VCC Convenes "Perspectives on Cannabis Prohibition"

by the Veterans Cannabis Coalition

On Tuesday, February 20, 2018 the Veterans Cannabis Coalition brought together veterans, medical professionals, and law enforcement to discuss the impact of cannabis prohibition.

Colin Wells, the founder of Veterans Walk and Talk, an outdoor peer-support group, and Bill Ferguson, co-founder of VCC, discussed the challenges they faced returning to civilian life after an intense combat deployments to Afghanistan and Iraq, respectively. After completing their enlistments, they returned home to deal with the mental and physical wounds and they sustained during their service. The help they got from medical professionals largely amounted to being prescribed a cocktail of opioids, benzodiazepines, and other powerful psychoactive drugs. When those drugs failed to provide relief, and the as the side-effects destroyed their quality of life, they both turned in desperation to cannabis. For both, cannabis has allowed them to return to normal functioning and inspired them to fight for access for all of their brothers- and sisters-in-arms who could profoundly benefit.

Following their discussion, Howard Wooldridge of Citizens Opposing Prohibition, Maggie Seymour of High Ground Veterans Advocacy, and Brian Muraresku of Doctors for Cannabis Regulation joined the panel and provided their perspectives on how cannabis prohibition shapes everything from medical research to drug trafficking to military recruitment. The end result of prohibition, however, is the unnecessary incarceration and criminalization of millions of people while simultaneously denying millions more access to a substance that existing research and anecdotal evidence correlates to health improvements in people across a spectrum of conditions.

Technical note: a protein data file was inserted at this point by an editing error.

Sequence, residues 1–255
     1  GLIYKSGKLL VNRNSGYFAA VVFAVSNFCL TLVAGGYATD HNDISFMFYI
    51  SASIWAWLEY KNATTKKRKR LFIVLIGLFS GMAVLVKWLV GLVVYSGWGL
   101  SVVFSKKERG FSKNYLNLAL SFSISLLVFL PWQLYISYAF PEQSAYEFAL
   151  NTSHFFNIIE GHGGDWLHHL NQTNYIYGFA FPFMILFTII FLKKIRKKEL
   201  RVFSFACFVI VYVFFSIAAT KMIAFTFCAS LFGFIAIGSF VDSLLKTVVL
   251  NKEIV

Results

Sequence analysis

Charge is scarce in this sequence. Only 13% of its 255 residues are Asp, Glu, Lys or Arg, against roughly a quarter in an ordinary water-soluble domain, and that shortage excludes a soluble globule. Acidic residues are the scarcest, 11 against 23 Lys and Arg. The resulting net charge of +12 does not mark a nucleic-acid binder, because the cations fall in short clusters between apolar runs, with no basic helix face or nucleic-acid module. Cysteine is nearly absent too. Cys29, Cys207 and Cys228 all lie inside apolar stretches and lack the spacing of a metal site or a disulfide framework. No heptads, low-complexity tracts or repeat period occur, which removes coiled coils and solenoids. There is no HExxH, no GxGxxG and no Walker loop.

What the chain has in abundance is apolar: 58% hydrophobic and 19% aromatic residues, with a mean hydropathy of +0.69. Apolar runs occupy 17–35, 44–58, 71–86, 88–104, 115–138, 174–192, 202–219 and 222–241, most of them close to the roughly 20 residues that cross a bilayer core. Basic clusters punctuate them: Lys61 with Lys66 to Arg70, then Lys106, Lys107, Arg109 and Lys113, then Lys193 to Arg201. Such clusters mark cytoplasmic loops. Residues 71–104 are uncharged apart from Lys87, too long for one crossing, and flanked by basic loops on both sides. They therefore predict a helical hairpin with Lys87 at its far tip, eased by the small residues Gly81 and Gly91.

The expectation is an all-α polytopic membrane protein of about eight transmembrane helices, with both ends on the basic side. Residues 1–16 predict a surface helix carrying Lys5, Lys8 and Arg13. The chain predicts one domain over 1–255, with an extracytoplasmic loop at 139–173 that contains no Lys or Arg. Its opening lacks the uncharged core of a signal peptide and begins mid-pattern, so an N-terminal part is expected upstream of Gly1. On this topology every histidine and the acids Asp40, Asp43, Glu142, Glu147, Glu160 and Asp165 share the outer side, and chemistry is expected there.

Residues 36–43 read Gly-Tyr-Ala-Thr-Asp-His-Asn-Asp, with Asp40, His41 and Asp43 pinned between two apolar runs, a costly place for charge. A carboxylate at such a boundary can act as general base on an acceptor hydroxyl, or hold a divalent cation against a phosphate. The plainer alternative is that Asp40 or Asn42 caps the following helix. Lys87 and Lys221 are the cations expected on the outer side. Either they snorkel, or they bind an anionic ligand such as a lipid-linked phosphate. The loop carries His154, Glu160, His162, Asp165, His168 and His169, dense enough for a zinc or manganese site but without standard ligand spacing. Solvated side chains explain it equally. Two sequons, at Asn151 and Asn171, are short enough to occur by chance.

While every speaker looked at cannabis prohibition through a different lens--whether it is one of compassionate access, returning law enforcement to its role providing for public safety, or regulation and research--all arrived at the same conclusion: end cannabis prohibition now. The time has come to put the United States on the common-sense path toward reform and restoration, and close out the chapter on one of the worst public policies of the 20th century.

Advocacy, Engagement, EventsEric G